The fact that you don’t have to compile your code makes TDD possible. You can just save your changes and get instant results. There are a lot of plugins for the IDEs that you can use to get the results on the UI. For example, [this plugin], shows you a dot next to your test, with a green or red color, depending on the result of the test. Moreover, you’ll find different testing approaches and tools so you can find the one that suits your needs. For example, you can use Jest (also from Facebook) that provides a cool snapshot testing feature.



Honestly, RN is very bad at this. I’ve gone through this nightmare in different projects, and it’s not very straightforward. RN offers a [command line tool] that you can execute and tries to migrate your project. However, the tool doesn’t work as well as expected, and sometimes you might even end up [solving conflicts manually]. I’ve seen developers solving this problem by generating another RN project using the last version of the framework, and then copying and pasting files and config from the previous project. This is really bad! Upgrading sometimes implies changes in the native setup (Android and Xcode projects), and if you tweaked it a lot, RN might break/reset your project during the upgrading process. It’s not something funny that you’d like to go through!

Layout loading

On the web ecosystem, frameworks have tried to abstract developers from accessing the DOM directly, and have allowed them to focus on defining how the layout looks like. From the developer’s point of view, working on a website using these frameworks is nicer, and faster, and from the user’s one, it might be the same, or better (it all depends on how you architect your website). Nevertheless, if you apply the same principle on mobile, the experience from the user might not be the same as if the app was built entirely with native code. Why? To ensure the experience using the app is the best, iOS and Android frameworks provide optimized components that are designed to have a good performance and responsiveness. RN components are designed to be cross-platform, and easy to use for developers, but when they get rendered, they sometimes don’t have the expected native behavior. You need to tweak the components and their lifecycle to get closer to the native experience.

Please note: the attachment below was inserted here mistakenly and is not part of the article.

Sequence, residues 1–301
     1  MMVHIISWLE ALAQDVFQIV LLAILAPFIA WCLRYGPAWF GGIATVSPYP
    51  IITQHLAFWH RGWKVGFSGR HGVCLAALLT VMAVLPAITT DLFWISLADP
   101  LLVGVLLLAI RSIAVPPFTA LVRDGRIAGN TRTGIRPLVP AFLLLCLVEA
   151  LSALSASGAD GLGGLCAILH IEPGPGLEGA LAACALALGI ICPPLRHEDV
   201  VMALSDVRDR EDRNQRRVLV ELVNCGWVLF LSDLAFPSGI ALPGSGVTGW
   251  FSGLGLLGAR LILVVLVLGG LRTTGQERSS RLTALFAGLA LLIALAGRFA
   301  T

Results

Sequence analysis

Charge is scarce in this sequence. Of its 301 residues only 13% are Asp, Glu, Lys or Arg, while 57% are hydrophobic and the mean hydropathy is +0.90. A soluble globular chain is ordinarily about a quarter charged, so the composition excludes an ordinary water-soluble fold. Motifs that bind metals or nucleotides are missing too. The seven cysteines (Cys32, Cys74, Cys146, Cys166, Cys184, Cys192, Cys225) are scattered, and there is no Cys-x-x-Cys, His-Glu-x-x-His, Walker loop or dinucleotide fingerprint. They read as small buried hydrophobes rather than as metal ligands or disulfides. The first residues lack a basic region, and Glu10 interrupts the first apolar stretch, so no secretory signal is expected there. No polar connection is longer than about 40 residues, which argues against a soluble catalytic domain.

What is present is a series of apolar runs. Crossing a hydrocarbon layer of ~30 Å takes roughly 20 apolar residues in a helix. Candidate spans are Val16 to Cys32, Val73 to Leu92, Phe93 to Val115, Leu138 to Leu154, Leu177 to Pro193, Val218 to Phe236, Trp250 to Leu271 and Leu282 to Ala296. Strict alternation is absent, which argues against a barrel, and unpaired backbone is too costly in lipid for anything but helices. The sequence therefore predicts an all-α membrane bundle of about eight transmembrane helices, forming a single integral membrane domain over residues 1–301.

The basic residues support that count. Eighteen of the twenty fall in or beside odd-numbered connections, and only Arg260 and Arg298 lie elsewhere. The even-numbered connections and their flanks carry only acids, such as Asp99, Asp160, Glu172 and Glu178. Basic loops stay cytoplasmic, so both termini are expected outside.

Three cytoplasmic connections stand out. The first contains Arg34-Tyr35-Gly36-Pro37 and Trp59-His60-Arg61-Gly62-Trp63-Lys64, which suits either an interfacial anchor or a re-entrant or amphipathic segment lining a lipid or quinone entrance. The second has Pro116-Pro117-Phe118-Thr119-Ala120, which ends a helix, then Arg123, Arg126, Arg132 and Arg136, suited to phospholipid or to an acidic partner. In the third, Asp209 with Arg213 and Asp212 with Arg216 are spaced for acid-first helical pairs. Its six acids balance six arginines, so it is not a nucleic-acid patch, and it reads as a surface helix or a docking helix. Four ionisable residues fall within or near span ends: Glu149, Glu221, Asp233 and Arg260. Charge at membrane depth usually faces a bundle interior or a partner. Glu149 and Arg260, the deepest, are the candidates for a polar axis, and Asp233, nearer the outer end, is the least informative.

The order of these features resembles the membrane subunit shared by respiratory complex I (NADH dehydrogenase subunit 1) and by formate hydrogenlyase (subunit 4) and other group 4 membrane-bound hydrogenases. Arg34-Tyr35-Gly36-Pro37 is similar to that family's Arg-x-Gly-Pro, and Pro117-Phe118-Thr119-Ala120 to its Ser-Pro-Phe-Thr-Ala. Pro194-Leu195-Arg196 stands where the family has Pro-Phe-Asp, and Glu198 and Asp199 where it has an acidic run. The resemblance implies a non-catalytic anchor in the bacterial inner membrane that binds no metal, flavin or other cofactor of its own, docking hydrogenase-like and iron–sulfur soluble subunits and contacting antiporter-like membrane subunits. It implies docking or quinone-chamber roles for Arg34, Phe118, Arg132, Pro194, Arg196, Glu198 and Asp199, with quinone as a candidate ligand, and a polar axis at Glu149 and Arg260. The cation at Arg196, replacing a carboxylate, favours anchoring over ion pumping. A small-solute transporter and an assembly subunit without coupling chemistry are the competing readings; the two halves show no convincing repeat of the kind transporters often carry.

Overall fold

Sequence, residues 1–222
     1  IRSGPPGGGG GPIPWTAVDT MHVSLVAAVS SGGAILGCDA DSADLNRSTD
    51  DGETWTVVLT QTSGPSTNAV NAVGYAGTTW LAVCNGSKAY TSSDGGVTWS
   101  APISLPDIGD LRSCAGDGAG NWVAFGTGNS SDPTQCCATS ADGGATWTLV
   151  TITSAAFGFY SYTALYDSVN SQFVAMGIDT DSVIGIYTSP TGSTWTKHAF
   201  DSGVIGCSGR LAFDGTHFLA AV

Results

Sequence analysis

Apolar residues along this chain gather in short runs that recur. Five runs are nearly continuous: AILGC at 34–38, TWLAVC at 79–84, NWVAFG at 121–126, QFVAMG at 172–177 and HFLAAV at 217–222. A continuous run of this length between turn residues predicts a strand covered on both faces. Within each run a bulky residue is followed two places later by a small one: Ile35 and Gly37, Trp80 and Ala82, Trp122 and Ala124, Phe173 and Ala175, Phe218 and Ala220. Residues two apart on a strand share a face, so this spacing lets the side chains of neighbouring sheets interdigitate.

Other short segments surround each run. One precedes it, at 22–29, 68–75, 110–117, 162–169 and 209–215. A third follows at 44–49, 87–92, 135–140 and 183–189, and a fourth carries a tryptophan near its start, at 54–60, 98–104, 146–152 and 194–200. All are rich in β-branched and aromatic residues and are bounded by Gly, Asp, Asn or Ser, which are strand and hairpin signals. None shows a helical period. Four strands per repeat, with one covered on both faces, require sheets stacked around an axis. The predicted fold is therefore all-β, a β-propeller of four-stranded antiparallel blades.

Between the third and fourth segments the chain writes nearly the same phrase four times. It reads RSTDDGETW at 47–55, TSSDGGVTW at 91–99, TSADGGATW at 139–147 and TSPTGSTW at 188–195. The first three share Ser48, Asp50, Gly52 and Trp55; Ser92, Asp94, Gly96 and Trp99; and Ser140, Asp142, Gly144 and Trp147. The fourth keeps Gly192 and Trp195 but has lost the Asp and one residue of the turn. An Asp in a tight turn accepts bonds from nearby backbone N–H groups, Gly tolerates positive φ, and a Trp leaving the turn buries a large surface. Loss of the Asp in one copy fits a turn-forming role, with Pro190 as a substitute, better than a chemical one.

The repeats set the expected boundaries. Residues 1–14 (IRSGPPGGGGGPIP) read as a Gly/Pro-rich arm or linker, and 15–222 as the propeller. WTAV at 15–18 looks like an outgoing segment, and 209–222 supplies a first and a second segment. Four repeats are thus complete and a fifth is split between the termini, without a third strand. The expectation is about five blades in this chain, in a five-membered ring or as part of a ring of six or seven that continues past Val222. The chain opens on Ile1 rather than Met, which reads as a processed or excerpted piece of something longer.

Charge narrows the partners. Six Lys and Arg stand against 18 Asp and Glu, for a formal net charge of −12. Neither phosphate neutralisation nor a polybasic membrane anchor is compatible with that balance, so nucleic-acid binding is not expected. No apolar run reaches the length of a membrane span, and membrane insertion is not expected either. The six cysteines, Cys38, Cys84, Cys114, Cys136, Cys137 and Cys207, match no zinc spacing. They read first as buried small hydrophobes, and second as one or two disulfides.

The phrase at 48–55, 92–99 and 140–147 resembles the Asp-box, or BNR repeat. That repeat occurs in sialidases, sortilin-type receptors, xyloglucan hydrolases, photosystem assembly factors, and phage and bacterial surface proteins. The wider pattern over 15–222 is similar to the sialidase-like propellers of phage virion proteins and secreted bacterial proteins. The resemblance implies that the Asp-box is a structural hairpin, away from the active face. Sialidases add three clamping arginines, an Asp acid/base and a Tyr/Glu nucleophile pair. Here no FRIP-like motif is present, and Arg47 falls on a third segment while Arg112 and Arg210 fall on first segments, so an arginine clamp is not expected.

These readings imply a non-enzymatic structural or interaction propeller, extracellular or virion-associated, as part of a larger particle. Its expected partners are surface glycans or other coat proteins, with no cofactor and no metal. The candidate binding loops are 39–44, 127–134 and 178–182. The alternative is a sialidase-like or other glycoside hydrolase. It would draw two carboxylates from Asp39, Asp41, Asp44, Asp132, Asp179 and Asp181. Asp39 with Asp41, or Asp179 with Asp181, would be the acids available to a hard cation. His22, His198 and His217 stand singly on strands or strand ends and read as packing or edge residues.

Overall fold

Animations have always been a challenge for RN. They usually rely on delivering/observing a stream of events (think about a parallax effect in a scroll view). Since that stream is sent through a single-threaded bridge between React and native, other events might get delayed, and it ends up affecting the responsiveness of the app. One of the approaches RN it trying out to solve this problem is coming up with a declarative manner for defining your animations. Instead of having a stream, the specification of the animation would be sent to native at the beginning, and the rest would be performed on the native side. While this works if the animations are simple, you might find it limiting if you want to build up something more custom. In that case, my recommendation is that you build the component natively, and handle the animations from there.

Where should I use React Native?

This is my personal opinion based on my experience, and it might change soon since the framework is evolving at a really good pace. If I had to choose between using RN or not, I’d keep the things in the list below in mind:

Do you have experience working with RN? I’d like to hear about the things that you liked and disliked from the framework, and what are your wishes for future versions. Reach out to me or leave a comment below. Thanks for reading and I hope you liked the post.